I certainly do not play one in church and resigned immediately from my village church (where I helped out) when the PCC and P P decided to throw out the pipe organ and get something from Bradford. My remarks - not snide - were to get rid of what I must hear every Sunday. It is the sound that I hear every time I am in church. The parish is extremely wealthy with countless people able to purchase an organ without much hurt to their wallet. After 11 years this computing organ is making even more foul sounds and the organist (from London) has the reverberation on full to smooth out the gruesomeness.

Of course, they have their place, and as you say, in the home in the warmth. That is perfect.

All the best,

N

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There was a time when `toasters' were not very good to listen to and I was amongst the first to deride them when compared with a pipe organ, but now over the last couple of decades ditigal involvement has made all the difference and one can have quite a good representation at home and quite often in a church.

 

No matter what your home instrument is when you get into a church you still have to rethink what you have done at home to suit the instrument and acoustics.

 

At home, you can at least get the notes right in the warm. In all my life in organs, prejudice (often ill informed) has been rife and it is intrested to see that it still raises its head in this forum - but that is what makes it so interesting and entertaining.

 

Happy Christmas,

 

FF

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....it pays to get an expert in for these things.

Hear, hear!

 

Several years ago my elderly toaster (built in the 1970s) had become increasingly unplayable due to a number of faults. I contacted the local chap who seemed to do all manner of things with electronic instruments and amps, and he seemed quite confident in his ability to renovate the instrument. Unfortunately, he and his side-kick managed to make things even worse, and rendered the organ totally unplayable. They wouldn't return to put matters right, and eventually even tried billing me for the time they spent wrecking the instrument. It seemed that it was way beyond their ability.

 

Fortunately, there was a happy ending. I've always had a bit of an interest in electronics and happily the organ wasn't too sophisticated. Consequently, although on a steep learning curve, I managed to totally rebuild the instrument. After hours and hours spent on it, it eventually worked better than it ever had done before in the time that I had owned it. In fact, it worked so well that I sold it on to a pupil of mine, who uses it on a daily basis. And it's still in A1 working condition several years later. :)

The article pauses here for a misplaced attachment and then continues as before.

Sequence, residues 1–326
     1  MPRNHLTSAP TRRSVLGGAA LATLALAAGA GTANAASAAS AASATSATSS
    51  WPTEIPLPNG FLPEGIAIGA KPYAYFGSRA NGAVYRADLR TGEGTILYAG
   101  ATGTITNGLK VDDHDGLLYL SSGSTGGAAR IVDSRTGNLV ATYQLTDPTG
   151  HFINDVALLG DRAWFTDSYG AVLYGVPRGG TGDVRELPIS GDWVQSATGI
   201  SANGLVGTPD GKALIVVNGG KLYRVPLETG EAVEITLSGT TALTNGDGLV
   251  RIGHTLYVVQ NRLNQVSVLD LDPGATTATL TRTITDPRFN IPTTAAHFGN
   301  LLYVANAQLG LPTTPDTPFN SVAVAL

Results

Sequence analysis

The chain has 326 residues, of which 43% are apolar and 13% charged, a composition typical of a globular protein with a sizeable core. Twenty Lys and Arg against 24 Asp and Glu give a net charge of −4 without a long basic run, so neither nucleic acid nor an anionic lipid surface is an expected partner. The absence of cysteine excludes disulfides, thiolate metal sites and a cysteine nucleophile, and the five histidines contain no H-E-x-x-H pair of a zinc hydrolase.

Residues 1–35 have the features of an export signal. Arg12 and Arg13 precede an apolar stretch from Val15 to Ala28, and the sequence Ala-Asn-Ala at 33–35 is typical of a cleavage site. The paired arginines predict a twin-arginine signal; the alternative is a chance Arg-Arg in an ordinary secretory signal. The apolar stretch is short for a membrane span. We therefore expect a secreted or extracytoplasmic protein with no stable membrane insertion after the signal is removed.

However, apart from the basics, I probably wouldn't know where to start with my modern electrone! :rolleyes:

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Some teachers have claimed that they can tell when their pupils have been practising on an electronic. One even claimed to be able to tell if practice has been done on an electronic action pipe organ instead of the prescribed tracker. Comprehensive experiments in America have debunked this nonsense well and truly. Whilst pipe organs are the ideal, I cannot see that it is unacceptable to use one in the home. Plenty of professional organists have one.

 

Barry Williams

 

I'd be interested in following up these studies, Barry. Are you able to point me in their direction, please?

 

Certainly, in my student days, sitting through the early stages of competitions or masterclasses, some of us would amuse ourselves by competing to predict who would pass to the next round, or who practiced on a mechanical action or otherwise organ, within a few bars of each participant's first piece. It was always astonishing how accurate one could be, but that was partially because the instruments being used were mechanical action and because we were used to listening for the differences in the playing.

 

Even though 'my' organ is a reasonable three manual English style instrument, I have regular practice times each week on a couple of mechanical action instruments. My session, once a week, on a large Rieger is the highlight of the week for me, and I am extremely grateful to the incumbents who generously allow me time on their instruments. I certainly know when I've missed these practices.

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An excellent way to improve technique is to play a harpischord - you have worry about note release as well.

 

FF

 

Once when playing continuo for a Messiah some goon moved the harpsichord near to a radiator between rehearsal and performance - the tuning was so bad by then that 2 bars of the Overture was all they got. I went and sang bass!

 

AJJ